Is Vaping or Smoking Cannabis Better for Your Health?
“Better” is the operative work in the question: “Is vaping or smoking better cannabis better for your health?” If we’re talking safety here, we should defer to the data. With that in mind, we should start by noting that taking anything into your lungs other than fresh unpolluted air presents some risk.
We also should consider, first, how the question balances with the risks of inhaling tobacco smoke and, second, how this relates to the elephant in the room. That is, we cannot ignore recent deaths attributed to vaping.
Vaping and recent deaths —
The Centers for Disease Control has reported on E-cigarette or Vaping Product Use-associated Lung Injury (EVALI). They studied 152 different THC-containing product brands and made several conclusions:
- Dank Vapes, a class of largely counterfeit THC-containing products of unknown origin, was the most reported product brand used by EVALI patients in the Northeast and South, TKO and Smart Cart in the West, and Rove in the Midwest.
- Vitamin E acetate should not be added to e-cigarette or vaping, products.
- People should not add substances not intended by the manufacturer to products.
- There are many different substances other than vitamin E acetate being investigated as there may be more than one cause.
As of December 10, 2019, the reported 52 deaths among 2,409 hospitalized patients. They also note that reported cases have been declining and that people using vaping for cigarette smoking cessation should not return to smoking tobacco.
The data should be adjusted for the prevalence among adolescent users whose lungs have not fully developed and who may have purchased their vaping tools or fluids off-market. The Wall Street Journal confirms, “A large portion of the THC products were illicit and obtained from friends, family members, illicit dealers, online or other sources, and federal health officials believe these unregulated products are fueling the outbreak.” (By “online,” they mean shady providers through sites like Craigslist.)
Conclusion? You should buy vaping devices and e-fluids from trusted providers. You must review ingredients and avoid vitamin E acetate in THC products.
We’re not positioned to endorse products, but you might investigate the specifics attached to:
- Ease markets a 1000mg THC Vape Liquid throughout Canada. It comes with certified third-party lab testing ensuring there is no vitamin E acetate.
- ABX (AbsoluteXtracts) offers pure, safe, and potent cannabis concentrates. Northern California-based with their own farms and CO2 extraction processing, they claim no additives and test through third-party labs.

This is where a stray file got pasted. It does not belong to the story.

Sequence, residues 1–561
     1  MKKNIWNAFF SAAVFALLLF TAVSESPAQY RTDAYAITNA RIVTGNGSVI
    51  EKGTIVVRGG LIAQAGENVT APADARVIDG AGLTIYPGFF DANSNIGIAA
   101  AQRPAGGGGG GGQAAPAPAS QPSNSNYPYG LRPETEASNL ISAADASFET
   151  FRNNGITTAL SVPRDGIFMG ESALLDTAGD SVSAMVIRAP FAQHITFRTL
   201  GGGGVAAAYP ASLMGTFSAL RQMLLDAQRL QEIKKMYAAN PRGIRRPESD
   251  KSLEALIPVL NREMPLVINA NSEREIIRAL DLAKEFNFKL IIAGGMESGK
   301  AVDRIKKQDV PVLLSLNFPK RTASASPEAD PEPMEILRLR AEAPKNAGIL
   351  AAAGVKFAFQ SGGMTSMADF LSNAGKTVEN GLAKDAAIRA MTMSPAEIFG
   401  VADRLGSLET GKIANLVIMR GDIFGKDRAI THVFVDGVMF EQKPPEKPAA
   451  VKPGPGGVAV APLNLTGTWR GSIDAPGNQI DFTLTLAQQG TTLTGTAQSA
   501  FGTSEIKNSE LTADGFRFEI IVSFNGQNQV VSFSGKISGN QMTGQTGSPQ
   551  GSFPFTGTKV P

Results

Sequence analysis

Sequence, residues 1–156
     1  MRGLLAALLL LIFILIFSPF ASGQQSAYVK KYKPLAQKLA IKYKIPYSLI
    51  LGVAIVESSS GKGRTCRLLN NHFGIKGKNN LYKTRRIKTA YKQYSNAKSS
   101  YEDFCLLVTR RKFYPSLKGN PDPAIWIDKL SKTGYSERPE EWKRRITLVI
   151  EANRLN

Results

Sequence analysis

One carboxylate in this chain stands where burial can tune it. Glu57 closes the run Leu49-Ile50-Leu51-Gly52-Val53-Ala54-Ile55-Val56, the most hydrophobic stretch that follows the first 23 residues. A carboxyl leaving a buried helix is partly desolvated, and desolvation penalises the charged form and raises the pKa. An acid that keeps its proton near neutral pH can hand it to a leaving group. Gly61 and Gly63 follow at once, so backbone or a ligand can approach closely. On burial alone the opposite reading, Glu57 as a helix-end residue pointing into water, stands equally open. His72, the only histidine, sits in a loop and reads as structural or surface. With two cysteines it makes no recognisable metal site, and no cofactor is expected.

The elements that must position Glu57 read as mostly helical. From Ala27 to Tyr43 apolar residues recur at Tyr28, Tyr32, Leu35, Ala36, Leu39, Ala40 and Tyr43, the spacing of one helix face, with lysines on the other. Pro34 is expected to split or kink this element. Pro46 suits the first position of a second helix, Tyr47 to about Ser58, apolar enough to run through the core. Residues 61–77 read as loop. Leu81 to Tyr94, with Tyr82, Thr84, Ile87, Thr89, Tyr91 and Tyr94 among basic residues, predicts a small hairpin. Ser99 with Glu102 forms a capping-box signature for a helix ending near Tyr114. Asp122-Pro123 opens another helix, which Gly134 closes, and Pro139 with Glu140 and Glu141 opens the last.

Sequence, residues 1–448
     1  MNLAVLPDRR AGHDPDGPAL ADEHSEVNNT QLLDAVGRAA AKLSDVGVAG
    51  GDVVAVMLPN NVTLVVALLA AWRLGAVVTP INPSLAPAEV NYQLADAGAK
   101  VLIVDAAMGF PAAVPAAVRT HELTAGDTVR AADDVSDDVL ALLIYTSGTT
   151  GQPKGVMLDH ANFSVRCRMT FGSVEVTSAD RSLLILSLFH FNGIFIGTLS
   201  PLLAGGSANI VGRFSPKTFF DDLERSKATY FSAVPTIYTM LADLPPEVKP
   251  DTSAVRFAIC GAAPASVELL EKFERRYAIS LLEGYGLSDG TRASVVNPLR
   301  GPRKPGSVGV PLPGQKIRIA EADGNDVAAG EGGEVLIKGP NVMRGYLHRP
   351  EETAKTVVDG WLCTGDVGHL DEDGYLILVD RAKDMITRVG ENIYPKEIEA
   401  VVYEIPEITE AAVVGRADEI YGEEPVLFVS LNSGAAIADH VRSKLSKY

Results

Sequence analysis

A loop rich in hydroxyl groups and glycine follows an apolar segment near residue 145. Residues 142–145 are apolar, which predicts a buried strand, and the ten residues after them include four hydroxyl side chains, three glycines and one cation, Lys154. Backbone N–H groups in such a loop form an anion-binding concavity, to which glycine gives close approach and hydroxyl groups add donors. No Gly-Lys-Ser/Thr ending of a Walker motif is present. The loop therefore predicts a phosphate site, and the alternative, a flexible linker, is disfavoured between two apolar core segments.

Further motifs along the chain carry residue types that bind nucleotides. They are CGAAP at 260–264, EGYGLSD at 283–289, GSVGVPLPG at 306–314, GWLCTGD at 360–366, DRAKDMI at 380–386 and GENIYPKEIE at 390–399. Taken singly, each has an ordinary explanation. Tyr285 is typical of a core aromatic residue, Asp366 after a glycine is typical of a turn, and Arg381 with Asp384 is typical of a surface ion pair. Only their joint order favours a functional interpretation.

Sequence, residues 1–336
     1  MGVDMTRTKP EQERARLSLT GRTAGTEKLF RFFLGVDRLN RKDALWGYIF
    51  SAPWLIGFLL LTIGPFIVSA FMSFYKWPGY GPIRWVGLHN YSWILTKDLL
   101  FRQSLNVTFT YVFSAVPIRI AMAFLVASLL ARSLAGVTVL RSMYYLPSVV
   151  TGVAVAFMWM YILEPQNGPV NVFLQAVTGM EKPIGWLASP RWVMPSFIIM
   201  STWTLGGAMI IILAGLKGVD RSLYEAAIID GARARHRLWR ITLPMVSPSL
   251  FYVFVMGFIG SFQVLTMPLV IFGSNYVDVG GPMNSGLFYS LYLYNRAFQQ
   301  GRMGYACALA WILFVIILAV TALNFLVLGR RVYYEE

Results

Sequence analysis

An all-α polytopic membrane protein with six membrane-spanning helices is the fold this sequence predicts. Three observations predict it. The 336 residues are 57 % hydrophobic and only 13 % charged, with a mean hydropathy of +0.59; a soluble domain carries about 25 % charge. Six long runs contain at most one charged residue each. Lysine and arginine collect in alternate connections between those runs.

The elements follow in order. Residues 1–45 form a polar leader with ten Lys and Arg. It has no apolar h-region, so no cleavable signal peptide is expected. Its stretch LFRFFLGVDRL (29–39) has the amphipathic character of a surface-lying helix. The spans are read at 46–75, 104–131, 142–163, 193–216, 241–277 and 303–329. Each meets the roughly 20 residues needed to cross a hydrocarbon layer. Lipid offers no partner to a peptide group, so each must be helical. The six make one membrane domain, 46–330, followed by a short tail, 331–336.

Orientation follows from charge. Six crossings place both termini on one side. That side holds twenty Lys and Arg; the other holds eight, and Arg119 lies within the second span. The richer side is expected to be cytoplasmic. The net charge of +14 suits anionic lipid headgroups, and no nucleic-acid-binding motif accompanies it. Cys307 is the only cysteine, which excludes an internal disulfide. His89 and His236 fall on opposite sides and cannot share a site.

- Pure products include a variety of potent THC vaping fluids heavily and frequently tested by Landau Lab for microbiological contaminants, residual solvents, cannabinoids, and heavy metals. Results for testing of each product are posted on their website.
Smoking cannabis and your health —
Harvard Medical School warns, “One of the few things scientists know for sure about marijuana and cardiovascular health is that people with established heart disease who are under stress develop chest pain more quickly if they have been smoking marijuana than they would have otherwise.”
Various research studies indicate chronic cannabis use may or may not trigger schizophrenia, may or may not aggravate bipolar disorder, and may or may not contribute to pulmonary conditions. Claims that it leads to testicular cancer are limited to a seminoma subtype.
Depending on your medical precondition, your family’s history of disease, and your DNA’s predisposition to health problems, you must use cannabis with those risks in mind. Depending on the strain of cannabis and the reliability of the source, your cannabis product may or may not include the toxins, pesticides, and carcinogens you would find in cannabis.
In reporting on cigarette smoking, Scientific American said, “As exposure to tobacco goes up, lung capacity in terms of the amount of air a smoker can exhale goes down. It’s a linear relationship.” At the same time, the magazine noted, “occasional marijuana use was associated with slight increases in lung airflow rates and increases in lung volume.”
The important term here is “occasional.” If your cannabis smoking is heavy and chronic and, perhaps, combined with alcohol and/or tobacco use, you are risking your health in many ways. But the cost of cannabis will keep you from using frequently. Where a cigarette smoker may light up 30 to 40 times a day, cannabis users are much less likely to use it. So, barring predisposition to medical problems, you can enjoy an occasional hit like you would the occasional drink.
Otherwise, there is no hard data linking the use of well-farmed and processed marijuana with negative health risks. Some bongs, dabs, and variations of hookahs also filter out the harsh carbon debris from combustion by flame. Moderate and conscientious use is your choice to make.